Trent Meacham is the epitome of an overachiever. The Illinois senior signed to play point guard for the Dayton Flyers after an outstanding career at Champaign Centennial High School. But after a successful freshman season where he started some games, he chose to return home and walk onto the Illinois team.
Meacham was promised nothing to return. Indiana coach Tom Crean, a good friend of Dayton coach Brian Gregory, hinted at some anger over Trent leaving his buddy when the Hoosiers played at the Assembly Hall earlier this year. But to set the record straight, again, Meacham was not recruited by the Illini.
"My daughter was kind of the first one to tip me off," Illinois coach Bruce Weber described recently. "She went to school with him senior year. She said Trent's thinking about transferring. I said, 'Why would he transfer? He played as a freshman and had a solid year with good coaches.'
"So we actually called Brian Gregory and tipped him off. I've known Brian a long time. We encouraged Trent to go back there, but I think he had made up his mind for a variety of reasons. He wanted to come home. His family's very close to him. He grew up loving Illinois basketball, so I guess he always had that dream of coming back here.
"The one thing we did at the beginning was tell him we weren't gonna give him a scholarship. We actually went the other way and said he should go back to Dayton. But him and his family made up their minds.
"He came to us. It wasn't like we searched him out. But he came here. We told him you're gonna be a walkon and earn your opportunities. Dayton's had good years and Trent's ended up ok. So I hope it's worked out for both groups."
Through the adversity of the transfer, paying his own way, and sitting out a year, Meacham persevered. Weber says his story is a great one.
"I think he's really transformed into a good all around player instead of just being a shooter which some people had kind of anticipated here. He's made himself into a really solid player, not only because of his shooting but he's a good defender. He's much more physical than he used to be. He's a quality individual, and he's been a very important member of our team the last few years."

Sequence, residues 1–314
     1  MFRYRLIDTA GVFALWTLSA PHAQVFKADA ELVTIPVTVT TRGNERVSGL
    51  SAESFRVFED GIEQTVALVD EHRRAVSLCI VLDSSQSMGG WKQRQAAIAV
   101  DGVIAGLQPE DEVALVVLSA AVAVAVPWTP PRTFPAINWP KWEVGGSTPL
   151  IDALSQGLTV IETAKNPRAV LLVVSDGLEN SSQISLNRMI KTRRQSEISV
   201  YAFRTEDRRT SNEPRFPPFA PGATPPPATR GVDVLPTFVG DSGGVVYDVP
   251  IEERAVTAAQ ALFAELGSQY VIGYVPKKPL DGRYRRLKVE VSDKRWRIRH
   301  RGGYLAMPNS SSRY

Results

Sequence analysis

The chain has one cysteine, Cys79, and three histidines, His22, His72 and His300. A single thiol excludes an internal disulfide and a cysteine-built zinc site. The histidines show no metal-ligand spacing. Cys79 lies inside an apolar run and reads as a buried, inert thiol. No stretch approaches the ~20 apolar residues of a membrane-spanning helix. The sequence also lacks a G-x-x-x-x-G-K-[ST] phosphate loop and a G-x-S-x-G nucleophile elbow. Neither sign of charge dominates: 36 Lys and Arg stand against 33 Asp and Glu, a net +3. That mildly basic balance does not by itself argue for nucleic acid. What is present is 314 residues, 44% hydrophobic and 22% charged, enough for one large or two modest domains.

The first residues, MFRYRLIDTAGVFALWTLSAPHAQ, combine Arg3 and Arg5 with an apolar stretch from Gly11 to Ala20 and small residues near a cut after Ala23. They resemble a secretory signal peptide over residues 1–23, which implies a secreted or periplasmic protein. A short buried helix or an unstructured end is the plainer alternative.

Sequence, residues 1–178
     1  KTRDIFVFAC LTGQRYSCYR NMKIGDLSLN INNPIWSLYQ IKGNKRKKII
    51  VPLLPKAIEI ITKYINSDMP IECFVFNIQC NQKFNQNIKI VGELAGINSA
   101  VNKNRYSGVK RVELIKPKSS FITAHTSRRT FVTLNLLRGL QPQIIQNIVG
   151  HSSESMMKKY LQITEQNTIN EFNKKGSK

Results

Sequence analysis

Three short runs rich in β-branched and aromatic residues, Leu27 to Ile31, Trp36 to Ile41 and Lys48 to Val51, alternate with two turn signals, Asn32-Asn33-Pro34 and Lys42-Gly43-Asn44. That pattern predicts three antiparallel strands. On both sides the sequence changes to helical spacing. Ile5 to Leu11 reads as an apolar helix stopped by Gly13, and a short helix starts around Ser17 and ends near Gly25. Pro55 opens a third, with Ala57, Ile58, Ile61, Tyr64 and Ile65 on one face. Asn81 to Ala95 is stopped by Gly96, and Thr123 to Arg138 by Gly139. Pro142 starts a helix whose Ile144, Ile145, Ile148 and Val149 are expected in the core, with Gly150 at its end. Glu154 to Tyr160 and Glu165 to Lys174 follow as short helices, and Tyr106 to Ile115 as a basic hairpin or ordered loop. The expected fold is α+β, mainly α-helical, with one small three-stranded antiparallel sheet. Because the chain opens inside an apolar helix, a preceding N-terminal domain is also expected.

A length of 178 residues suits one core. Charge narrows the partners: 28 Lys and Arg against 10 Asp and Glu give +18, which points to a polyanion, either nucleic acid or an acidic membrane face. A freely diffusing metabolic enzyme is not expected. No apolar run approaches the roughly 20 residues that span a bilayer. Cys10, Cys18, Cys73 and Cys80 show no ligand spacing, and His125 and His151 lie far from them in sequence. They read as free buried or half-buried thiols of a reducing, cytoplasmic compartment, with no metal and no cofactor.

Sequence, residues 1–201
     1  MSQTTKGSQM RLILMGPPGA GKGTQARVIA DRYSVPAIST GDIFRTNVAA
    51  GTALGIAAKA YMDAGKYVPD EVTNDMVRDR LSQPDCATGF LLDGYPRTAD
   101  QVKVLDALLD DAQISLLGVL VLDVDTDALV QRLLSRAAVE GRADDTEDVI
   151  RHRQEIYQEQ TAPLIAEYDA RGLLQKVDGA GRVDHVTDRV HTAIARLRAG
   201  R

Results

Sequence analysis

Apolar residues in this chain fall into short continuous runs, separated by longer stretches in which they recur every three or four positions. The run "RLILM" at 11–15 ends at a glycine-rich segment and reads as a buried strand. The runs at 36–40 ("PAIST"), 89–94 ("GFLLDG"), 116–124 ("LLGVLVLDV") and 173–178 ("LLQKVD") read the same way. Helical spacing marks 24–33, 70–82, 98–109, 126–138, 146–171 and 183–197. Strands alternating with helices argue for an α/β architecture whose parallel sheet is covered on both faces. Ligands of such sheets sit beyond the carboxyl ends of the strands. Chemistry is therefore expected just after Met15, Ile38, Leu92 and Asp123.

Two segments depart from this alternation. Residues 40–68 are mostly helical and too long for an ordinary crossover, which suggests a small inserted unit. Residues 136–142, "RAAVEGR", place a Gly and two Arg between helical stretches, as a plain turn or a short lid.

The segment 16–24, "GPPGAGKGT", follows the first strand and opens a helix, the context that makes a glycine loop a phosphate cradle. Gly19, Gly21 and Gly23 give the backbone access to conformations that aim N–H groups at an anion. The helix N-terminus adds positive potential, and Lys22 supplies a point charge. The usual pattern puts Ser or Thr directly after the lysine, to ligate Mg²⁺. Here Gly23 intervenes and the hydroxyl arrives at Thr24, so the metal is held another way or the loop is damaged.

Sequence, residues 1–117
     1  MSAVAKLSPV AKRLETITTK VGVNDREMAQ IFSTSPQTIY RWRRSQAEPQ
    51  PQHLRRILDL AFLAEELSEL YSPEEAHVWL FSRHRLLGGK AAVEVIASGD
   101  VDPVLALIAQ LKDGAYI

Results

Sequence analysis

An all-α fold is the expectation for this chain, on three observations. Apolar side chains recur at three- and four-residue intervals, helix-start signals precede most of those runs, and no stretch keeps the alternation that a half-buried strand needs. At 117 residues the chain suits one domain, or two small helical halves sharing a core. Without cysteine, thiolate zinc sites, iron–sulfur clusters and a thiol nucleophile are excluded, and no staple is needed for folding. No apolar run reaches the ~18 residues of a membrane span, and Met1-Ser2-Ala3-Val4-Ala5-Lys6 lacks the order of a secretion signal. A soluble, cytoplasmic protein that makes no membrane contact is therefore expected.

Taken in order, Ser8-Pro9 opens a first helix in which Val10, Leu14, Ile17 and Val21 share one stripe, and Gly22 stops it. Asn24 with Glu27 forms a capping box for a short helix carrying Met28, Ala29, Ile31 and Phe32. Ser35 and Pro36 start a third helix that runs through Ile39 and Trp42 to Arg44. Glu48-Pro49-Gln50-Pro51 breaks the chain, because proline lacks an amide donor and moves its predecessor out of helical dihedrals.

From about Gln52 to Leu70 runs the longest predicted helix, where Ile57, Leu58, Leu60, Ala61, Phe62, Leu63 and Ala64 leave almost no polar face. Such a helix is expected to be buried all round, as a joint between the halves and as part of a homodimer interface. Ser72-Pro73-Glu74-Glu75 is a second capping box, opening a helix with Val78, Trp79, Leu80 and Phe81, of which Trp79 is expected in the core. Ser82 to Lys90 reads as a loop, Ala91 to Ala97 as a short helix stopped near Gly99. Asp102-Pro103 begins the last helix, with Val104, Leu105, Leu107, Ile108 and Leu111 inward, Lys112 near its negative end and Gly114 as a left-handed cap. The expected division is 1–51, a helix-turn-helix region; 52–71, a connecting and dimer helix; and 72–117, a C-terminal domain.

The 6'-2" guard describes the work ethic he needed to make a valuable contribution to the Illini team.
"You have to love it and work at it. I thought for me, if I was smart and could shoot the ball there would be a spot on the floor for me. And just work out every day and improve in other areas. If you really work at it and bide your time, it can work."
Meacham says he has made major improvements in his four years on campus.
"I think there's two things I've really improved on with Coach Weber. And that would be defense, you can't help but improve on defense if you play for Coach Weber. And also moving without the ball. I was a point guard before I came here, and I was really forced to move without the ball in the motion offense."
Trent has benefitted from having his family and friends close by. He is never alone in Champaign. He sees no reason why other top Champaign area players couldn't repeat his success story at the UI.
"I am proud to be from Champaign and represent this community and this school. I hope there will be some more players coming out of here. There's no reason Champaign can't produce more basketball players. Hopefully, there will be some more who follow my footsteps and play for the Illini."
Trent provided only generalities about his future plans other than his upcoming marriage. But he figures basketball will be part of it.
"I got my degree in Recreation, Sports, Tourism, and my master's program is in Human Resource Education. Initially, I want to continue playing basketball and see where that goes. After that, we'll see. I've definitely thought about coaching."
A big reason Meacham doesn't want to think about the future is because he still has goals to reach right now. He and his fellow seniors have worked diligently to reverse last year's poor record, and they believe they still have a lot of basketball in front of them.
"Last season left a terrible taste in our mouths, so we used that in the off season. We didn't want to let that happen again. We've done a good job of that, but we want to keep it going."